As the world slows down, retreat to your comfortable recliner or bed at home and immerse yourself in a good book or film. Although travel is not possible now, you can still soak in the rich history of our sunny island, get acquainted with local hawker dishes, and marvel at the sights and sounds of the city–all through books and films produced about Singapore, in Singapore.

Books and films form an escapism for travellers who may not be able to get onto a plane now, as they drift away into an alternate world filled with colorful characters and intriguing plots steeped between realism and one’s imagination.

From documentaries to drama, fiction and non-fiction, the selection of books and films are meant to give you a glimpse of Singapore and understand the narrative, history and cultural nuances of our society.

Kick off your shoes, relax and get ready to travel Singapore through pages and pixels of our selected books and films.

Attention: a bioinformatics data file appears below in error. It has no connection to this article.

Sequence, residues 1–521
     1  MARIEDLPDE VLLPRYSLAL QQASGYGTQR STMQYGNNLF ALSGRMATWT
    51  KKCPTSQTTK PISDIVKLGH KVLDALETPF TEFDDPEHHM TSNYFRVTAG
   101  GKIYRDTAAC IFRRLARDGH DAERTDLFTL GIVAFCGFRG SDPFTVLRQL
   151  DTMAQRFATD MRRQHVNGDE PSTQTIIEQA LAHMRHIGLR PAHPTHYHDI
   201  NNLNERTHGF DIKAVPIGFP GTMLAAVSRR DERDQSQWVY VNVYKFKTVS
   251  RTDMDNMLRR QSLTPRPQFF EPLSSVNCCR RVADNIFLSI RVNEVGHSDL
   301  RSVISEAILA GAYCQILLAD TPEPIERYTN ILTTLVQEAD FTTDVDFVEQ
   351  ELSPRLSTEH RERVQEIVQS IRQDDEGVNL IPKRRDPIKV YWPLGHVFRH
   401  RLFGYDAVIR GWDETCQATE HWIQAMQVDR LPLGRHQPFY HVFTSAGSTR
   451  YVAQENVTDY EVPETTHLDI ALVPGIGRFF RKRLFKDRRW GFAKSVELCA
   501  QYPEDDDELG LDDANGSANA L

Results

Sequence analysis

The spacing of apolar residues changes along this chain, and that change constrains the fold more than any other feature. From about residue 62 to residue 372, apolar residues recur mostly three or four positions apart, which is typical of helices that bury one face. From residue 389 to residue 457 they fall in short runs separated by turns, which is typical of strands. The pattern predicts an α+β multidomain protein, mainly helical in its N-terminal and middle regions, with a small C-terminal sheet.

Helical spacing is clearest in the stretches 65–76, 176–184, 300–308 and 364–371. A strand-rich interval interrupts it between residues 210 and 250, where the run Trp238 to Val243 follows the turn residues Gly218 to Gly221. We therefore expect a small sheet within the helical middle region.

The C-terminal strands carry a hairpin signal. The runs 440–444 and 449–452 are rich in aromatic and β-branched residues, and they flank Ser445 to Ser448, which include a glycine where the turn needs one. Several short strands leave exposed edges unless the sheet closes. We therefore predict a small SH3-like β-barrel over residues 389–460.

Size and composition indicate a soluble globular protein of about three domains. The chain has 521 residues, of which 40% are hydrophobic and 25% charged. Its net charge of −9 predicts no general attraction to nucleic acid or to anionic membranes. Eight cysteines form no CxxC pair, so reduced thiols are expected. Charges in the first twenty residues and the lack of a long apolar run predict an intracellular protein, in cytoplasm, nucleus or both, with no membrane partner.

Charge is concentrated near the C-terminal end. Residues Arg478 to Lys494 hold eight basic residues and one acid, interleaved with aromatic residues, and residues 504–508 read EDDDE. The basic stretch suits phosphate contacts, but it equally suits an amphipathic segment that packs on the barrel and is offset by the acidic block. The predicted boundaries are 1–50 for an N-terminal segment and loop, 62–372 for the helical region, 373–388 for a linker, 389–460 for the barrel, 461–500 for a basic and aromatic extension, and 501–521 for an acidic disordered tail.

Singapore: A Biography
Book cover of Singapore: A Biography
Image from Books Actually.

Chockfull of anecdotes and stories, Singapore: A Biography by Mark Frost and Yu-Mei Balasingamchow shows you the city through the personal experiences of workers, adventurers, rulers and revolutionaries who have shaped its history over the last seven centuries.

The authors, drawing on research in collaboration with the National Museum of Singapore, have woven together ancient chronicles, eyewitness accounts, oral histories and radio broadcasts to create a vivid and compelling narrative that brings the past back to life.

At almost 500 pages, this massive tome will keep you occupied for some time, and you should be able to travel and see Singapore for yourself by the time you finish reading it.

Singapore: A Biography is available on Books Actually.